Avoiding controversy is a noble aim, but very difficult to achieve in practice.  I would suggest that recent sacramental statements of the Army have lost this early irenic tone and approach, and have become much more controversial than Booth would have liked.  Also, I think one needs to be careful that a desire to be non-controversial does not become a justification for avoiding deep theological discussion, and meaningful engagement with ecumenical partners.

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12 Responses to “Doctrine in The Salvation Army Tradition”


  1. 1 amcouchman
    March 7, 2011 at 8:58 pm

    I find it somewhat amusing (and moreoften a little concerning) that we seem to wear our history of less “emphasis upon Christian doctrine” as a badge of honour. Is that really a good thing? I would argue that this attitude is what has lead to the our actual inability to “avoid controversy”. Because we’re not prepared to spend the time and energy required to theologise comprehensively we’re not accustomed to the unresolved tensions that come up when we do. As a result we end up with controversies over things like our stance on the sacraments, and ordination, and so on.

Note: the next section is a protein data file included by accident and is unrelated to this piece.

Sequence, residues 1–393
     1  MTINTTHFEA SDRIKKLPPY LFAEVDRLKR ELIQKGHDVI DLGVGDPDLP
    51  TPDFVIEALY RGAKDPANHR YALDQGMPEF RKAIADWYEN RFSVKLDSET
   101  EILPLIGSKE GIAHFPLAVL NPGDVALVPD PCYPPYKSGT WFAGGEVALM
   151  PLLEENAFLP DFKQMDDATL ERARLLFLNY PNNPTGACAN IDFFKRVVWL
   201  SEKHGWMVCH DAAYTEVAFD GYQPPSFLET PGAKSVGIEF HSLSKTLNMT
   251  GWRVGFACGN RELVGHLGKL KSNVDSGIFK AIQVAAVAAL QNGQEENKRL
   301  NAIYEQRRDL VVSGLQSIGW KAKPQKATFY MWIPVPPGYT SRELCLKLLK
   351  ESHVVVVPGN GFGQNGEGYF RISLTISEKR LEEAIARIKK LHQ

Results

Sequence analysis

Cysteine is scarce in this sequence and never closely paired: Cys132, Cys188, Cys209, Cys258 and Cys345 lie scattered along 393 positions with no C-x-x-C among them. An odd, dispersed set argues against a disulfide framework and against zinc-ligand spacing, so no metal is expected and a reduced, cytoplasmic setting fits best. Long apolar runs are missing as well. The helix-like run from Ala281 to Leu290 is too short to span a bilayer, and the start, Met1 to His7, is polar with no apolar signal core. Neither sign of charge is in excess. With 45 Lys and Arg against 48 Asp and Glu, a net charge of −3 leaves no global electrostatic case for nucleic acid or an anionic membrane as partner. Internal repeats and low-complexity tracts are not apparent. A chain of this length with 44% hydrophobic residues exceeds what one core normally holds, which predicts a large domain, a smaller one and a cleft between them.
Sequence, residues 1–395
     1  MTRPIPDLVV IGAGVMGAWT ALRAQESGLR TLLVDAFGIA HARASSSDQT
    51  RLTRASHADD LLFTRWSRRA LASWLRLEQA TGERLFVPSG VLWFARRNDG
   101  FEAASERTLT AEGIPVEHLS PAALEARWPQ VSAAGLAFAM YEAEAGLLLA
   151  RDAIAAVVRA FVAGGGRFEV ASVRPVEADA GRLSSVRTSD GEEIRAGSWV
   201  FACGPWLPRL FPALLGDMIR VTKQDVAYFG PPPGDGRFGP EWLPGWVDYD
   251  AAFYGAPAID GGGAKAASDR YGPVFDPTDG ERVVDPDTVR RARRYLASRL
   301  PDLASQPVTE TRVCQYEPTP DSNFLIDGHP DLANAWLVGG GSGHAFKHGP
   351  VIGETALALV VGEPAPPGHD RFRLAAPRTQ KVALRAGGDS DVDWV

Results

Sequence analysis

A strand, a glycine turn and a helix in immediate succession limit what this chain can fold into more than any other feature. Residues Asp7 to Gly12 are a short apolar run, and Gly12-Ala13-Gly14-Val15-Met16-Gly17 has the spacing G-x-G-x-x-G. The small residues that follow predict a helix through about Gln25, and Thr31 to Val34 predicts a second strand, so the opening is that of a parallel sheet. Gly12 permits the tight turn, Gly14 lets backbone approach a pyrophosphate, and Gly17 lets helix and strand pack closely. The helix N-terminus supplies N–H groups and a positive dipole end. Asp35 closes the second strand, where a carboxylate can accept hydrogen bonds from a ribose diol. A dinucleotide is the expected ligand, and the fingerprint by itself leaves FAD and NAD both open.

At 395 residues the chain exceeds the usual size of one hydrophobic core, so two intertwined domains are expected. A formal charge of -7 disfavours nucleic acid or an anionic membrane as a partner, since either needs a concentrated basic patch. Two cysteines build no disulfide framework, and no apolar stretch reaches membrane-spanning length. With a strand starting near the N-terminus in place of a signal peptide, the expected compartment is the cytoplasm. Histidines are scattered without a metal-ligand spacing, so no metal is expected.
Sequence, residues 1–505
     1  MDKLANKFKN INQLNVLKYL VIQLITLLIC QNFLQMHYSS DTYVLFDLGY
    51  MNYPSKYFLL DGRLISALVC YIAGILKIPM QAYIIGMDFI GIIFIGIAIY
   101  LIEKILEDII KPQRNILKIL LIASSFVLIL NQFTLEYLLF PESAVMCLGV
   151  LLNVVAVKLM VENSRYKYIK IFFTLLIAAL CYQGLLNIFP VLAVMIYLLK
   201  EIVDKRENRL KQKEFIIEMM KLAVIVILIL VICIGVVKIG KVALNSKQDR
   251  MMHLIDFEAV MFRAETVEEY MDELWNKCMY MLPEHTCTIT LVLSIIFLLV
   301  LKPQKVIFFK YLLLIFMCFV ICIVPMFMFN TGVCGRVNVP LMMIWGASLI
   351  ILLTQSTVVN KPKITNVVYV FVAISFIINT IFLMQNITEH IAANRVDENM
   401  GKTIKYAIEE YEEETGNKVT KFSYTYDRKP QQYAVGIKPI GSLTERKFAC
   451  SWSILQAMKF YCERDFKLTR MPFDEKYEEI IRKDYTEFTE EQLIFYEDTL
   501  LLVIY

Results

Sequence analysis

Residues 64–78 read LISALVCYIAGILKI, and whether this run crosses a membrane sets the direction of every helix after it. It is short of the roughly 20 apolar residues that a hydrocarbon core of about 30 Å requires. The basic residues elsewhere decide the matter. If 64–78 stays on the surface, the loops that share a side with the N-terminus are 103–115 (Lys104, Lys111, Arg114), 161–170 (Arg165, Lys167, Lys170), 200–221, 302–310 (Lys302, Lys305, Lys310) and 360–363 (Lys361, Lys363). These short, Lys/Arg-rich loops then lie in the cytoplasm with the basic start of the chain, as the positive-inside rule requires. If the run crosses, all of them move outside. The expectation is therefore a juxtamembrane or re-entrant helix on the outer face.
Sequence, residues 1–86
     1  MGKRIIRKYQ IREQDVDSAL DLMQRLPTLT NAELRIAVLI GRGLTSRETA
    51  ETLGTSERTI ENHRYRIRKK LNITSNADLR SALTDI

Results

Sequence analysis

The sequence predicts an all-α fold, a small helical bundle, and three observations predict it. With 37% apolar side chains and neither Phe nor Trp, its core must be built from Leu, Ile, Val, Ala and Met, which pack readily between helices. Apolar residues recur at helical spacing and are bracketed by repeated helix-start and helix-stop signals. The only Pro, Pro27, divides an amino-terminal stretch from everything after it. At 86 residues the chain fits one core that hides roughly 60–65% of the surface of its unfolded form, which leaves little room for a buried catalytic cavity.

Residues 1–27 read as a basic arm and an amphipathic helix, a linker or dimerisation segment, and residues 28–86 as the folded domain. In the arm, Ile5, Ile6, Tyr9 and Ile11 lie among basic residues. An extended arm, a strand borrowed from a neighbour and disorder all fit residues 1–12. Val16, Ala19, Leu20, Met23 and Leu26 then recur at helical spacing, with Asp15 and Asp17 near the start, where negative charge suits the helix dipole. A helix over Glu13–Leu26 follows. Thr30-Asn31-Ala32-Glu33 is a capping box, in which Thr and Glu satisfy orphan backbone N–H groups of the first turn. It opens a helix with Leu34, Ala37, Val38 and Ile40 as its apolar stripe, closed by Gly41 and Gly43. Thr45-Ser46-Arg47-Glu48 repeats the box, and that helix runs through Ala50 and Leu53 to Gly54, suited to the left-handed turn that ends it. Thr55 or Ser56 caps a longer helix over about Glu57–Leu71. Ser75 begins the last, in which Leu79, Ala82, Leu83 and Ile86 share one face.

If we were willing to take a little more time on these issues, corporately, I think these controversies would become a lot less heated than what they are at the moment.

    Thanks
    Adam

  2. March 8, 2011 at 9:29 am